Independent Maths – This follows a guided maths session where students work individually or in groups with the teacher prompting and helping each student when needed. Students engage in independent mathematics directly related to the work they were doing in their small teaching group.

5. Reflection (10 mins)

The last ten minutes of the lesson should be dedicated to reflection which allows the students to consolidate their learning. The teacher needs to:

emphasise connections

encourage sharing of strategies

make the mathematics explicit

raise challenges

promote a language to talk about mathematics

encourage students to reflect on what they have learned and how they learned and what assisted them in their learning

Students may write in a journal or their mathematics books, the class may have a discussion or the students may answer questions or finish sentences such as ‘today I was a mathematician because…’, ‘in mathematics, I enjoyed…’ or ‘today in mathematics I found it difficult/easy to…’.

Below are two useful mathematics documents you might like to look at (click on them to make them larger).

I remember dreading writing out my multiplication tables in a square grid against the stop watch each morning in primary school and I don’t want my future students to have that same pit in their stomach because they are struggling with their multiplication tables.

After all, the daily multiplication square and stop watch approach wasn’t even a successful approach for me.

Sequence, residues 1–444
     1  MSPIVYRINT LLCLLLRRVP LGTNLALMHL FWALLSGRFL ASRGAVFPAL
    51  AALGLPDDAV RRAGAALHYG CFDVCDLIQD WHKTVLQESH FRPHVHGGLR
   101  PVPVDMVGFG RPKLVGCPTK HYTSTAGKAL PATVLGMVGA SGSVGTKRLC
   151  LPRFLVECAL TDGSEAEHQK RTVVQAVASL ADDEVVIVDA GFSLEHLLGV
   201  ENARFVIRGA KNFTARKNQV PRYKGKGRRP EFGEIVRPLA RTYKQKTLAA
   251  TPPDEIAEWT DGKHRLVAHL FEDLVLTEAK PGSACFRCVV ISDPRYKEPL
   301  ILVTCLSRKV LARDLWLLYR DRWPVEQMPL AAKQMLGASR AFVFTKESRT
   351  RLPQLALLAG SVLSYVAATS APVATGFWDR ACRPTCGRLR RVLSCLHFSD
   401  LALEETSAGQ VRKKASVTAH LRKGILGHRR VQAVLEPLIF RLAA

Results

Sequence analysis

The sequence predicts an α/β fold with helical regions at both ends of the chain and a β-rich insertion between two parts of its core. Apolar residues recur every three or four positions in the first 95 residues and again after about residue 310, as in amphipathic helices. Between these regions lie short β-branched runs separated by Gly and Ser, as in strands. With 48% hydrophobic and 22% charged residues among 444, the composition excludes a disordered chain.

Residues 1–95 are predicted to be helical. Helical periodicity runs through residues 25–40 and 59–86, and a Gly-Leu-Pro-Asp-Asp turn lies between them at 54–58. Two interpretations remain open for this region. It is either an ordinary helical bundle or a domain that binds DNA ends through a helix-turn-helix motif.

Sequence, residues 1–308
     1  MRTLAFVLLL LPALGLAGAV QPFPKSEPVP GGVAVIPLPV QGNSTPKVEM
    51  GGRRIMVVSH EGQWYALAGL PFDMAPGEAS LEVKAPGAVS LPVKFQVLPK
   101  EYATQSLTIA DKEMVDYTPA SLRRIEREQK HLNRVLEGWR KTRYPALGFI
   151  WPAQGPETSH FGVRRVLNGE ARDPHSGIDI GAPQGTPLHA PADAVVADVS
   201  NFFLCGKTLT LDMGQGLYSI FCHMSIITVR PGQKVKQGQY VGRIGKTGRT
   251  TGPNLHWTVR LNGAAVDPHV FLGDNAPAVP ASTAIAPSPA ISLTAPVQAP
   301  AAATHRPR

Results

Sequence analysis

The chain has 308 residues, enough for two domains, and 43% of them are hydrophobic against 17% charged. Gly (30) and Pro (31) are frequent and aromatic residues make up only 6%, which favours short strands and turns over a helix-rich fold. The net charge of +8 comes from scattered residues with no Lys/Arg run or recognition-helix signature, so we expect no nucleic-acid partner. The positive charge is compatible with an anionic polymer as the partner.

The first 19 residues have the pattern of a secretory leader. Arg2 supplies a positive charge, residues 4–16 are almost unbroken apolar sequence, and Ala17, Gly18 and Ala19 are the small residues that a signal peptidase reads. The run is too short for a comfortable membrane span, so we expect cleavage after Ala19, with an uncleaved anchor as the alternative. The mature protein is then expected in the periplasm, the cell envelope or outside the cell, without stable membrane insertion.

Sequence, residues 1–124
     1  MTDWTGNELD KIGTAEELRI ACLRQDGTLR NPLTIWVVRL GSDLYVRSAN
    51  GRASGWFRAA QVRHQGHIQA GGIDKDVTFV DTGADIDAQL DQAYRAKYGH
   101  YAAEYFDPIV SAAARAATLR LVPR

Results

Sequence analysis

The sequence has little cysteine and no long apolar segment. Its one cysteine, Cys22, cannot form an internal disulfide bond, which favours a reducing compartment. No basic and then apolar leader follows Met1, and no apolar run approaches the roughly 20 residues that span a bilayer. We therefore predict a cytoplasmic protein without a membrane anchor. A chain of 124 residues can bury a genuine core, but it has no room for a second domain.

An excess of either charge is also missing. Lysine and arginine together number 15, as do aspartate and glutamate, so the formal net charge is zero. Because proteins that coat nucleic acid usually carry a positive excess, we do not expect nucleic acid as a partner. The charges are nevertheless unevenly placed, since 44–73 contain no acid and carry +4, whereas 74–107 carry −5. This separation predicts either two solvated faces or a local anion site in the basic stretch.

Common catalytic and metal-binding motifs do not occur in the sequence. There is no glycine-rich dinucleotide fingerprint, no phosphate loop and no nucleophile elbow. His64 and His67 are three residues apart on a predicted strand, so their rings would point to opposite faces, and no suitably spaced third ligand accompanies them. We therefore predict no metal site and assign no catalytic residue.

Learning needs to be fun and students should be engaged. Using different approaches allows all students to learn as their learning style is taken into account.

Here are some ideas I have come up with and have seen work well in classes to help students learn their multiplication tables in a fun manner:

1. Identify the patterns in a hundred chart.

2. Skip counting as a class.

3. Create a rap song or poem as part of a homework activity or class activity about a multiplication table.

4. Sing the multiplication table together as a class.

5. Create a game show as a class where the teacher acts as a host and there are rotating pairs of students with a buzzer to answer a multiplication sum.

6. Multiplication bingo.

7. Have the students line up in pairs and choose one student to stand at the front of the line (provide them with an answer sheet). The student at the front calls out a multiplication sum and the first of the pair to state the correct answer returns to the back of the line and the other student sits out and watches. This continues until there is one students left.

8. Students work in pairs to test each other.

9. Focus on particular multiplication sums each week. For example 6×3 = 18, 6×5=30 and 6×6=36 and make it a challenge that the students remember those three. The teacher may ask a student at random one of those multiplication sums.